The new space age, and the space tourism industry in particular, needs a P. T. Barnum.
That's what John Carter McKnight says, and I can't disagree.
It was a good week for space tourism, because in addition to Mr. McKnight's appropriate essay (which I wish I'd written myself) about the need for true space hucksterism, the Europeans have finally weighed in on the subject. Wired magazine has an excellent piece on the subject, that references several relevant market research reports.
Here's the money quote: "'Space tourism is a natural progression, because mankind is curious, Beer says. 'It's a really wonderful development. Mankind needs this, and we owe it to mankind.'"
There is one problem with the piece, though.
The advantage of staying within this area of "inner space"--35 kilometers high, compared to commercial jets that travel at an altitude of around seven kilometers, and outer space at 90 to 100 kilometers--is that airspace remains under national air traffic control, just like commercial jet flights.
Actually, two problems. First, I don't know where the 35-kilometer number came from. The X-Prize stipulates 100 kilometers to get out of the atmosphere and into space. And the regulatory situation for suborbital flights like this remains uncertain, as described in my interview this week with Jeff Greason, head of XCOR Aerospace.
Second, as the Greason interview indicates, the notion of "airspace" for such flights remains unclear. We don't really know where the separation between "inner space" and "outer space" lies, or which part of the federal government has jurisdiction over it, even when defined. Until we do, it's going to be very difficult to raise investment funds to build this vital new industry, because investors loathe uncertainty.
It's critical that the Federal Aviation Administration quickly get its act together and define the "rules of the road," or that the Department of Transportation reverse the Clinton policy of giving the FAA jurisdiction over this matter, and give it its own office under the Department of Transportation, as it was prior to the 1990s.
So, ignoring the regulatory issues, is NASA the hope for low-cost launch and space tourism? Nope, not to judge by either history, or the opinion of the Space Frontier Foundation. I find little in the linked press release to disagree with.
The X-33 program was, as were all NASA programs to reduce the cost and improve the reliability of space launch over the past three decades, a disaster. There is little indication that the agency has learned from its past mistakes, and it would be foolish to authorize funds until some evidence to the contrary is forthcoming. It would indeed be foolish to allow it to embark on yet another doomed space-transportation program.
As they point out, NASA's problem is not vehicle design per se (though that's a problem as well, because their concepts always seem to emphasize technology over low cost), but supersizing to replicate the capabilities of the flawed shuttle program when the true goal is to ostensibly have the most cost-effective ride to orbit. Another problem is that they tend to neck down too quickly to a preferred design and contractor, prematurely eliminating the benefits of competition. I'll probably post a future column on lessons learned from the X-33 program, but to be brief, "don't expect innovation from someone who benefits handsomely from the status quo."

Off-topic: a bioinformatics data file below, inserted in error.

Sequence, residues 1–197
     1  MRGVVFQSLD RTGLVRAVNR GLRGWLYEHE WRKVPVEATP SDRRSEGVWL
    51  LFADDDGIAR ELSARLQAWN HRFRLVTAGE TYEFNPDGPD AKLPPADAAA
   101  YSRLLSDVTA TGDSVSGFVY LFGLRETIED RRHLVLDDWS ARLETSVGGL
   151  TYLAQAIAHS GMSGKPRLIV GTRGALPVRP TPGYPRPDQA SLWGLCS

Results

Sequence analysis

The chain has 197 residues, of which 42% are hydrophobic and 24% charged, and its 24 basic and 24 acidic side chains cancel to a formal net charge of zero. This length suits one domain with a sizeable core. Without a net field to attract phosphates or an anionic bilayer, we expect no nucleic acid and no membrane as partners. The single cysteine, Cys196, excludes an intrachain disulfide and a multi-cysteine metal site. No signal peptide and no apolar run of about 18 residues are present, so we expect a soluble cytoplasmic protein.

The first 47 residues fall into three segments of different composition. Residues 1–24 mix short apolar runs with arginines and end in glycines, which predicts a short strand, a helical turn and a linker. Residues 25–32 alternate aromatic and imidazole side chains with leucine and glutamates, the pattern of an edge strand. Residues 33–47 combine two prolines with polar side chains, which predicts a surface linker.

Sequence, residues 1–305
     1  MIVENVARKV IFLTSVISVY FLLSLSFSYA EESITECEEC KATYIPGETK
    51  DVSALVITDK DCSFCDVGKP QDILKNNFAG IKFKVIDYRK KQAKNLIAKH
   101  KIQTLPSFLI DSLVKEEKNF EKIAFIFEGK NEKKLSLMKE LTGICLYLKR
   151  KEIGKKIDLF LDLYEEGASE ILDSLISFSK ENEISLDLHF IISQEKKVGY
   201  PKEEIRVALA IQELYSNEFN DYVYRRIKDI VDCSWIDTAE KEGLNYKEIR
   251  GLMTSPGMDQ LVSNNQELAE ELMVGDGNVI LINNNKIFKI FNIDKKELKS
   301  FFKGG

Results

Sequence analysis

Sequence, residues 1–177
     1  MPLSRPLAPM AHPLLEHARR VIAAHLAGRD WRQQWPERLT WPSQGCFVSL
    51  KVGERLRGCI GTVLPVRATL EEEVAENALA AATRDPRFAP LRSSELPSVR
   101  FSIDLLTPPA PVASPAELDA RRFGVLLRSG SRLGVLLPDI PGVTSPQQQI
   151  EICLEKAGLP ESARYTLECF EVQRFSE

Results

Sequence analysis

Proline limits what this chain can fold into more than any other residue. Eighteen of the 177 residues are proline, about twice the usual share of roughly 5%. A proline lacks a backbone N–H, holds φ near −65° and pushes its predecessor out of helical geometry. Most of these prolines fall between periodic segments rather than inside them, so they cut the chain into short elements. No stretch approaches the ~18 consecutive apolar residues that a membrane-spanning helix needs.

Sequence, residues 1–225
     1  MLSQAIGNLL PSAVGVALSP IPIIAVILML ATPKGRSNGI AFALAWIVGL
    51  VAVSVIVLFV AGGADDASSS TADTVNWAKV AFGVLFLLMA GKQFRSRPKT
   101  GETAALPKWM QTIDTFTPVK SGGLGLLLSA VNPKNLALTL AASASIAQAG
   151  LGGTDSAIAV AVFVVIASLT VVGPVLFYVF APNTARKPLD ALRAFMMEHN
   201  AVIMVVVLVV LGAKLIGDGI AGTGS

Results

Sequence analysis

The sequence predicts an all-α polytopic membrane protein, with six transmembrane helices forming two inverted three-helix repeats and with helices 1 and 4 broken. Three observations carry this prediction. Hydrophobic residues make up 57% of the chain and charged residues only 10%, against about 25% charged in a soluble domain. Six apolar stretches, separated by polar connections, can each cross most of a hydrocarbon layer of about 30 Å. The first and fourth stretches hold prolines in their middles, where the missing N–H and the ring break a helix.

Finally, in current space events, today's scheduled shuttle launch will carry, for the first time, an Israeli astronaut, Col. Ilan Ramon. Israel has long had their own launch capability, but they are constrained by their geography to only launch into retrograde orbits (that is, east to west orbits, against the earth's rotation), and they don't have a manned launch capability. So in many ways, this is a significant milestone for them. It's a poignant one as well.
Col. Ramon's mother is a survivor of Auschwitz, and many of his other relatives died there. In commemoration of all of the victims of that grim chapter of the last century, he's going to take some space art along with him. It's a haunting picture, a moonscape, prescient of the pictures that the Apollo astronauts would take with cameras a couple decades later. It was drawn by a 14-year old boy, Petr Ginz, who died in the camp, never to see man walk on the moon, or even launch a satellite. It's a tribute to the unquenchable imagination of a child, who could escape the unimaginable horror of daily existence with dreams of other, perhaps happier worlds.
And of course, as a reminder of the current times, as the article points out, some who are unhappy with Israel's present actions in the Middle East (and perhaps unhappy with the very existence of Israel as a state, or who even may regret that Hitler didn't finish the job), are unhappy with NASA's decision (made several years ago) to take an Israeli into space. While no specific threats have been received, security for the launch remains high. Sadly, the demons in humanity that finally did quench young Petr's dreams of space, permanently, continue to follow us into the 21st Century.
Some took issue last week with my contention that Apollo didn't contribute to the microelectronics revolution. I will take their point that it probably was one of the spurs to miniaturization, but the Pentagon's missile program was a major one as well, and of course, we can't replay history to know if the latter would have been sufficient to bring us today's information age on the same schedule. My larger point remains, that spinoff is a lousy justification for (or against) a manned space program. We need to justify it on its own merits.
Rand Simberg is a recovering aerospace engineer and a consultant in space commercialization, space tourism and Internet security. He offers occasionally biting commentary about infinity and beyond at his Web log, Transterrestrial Musings.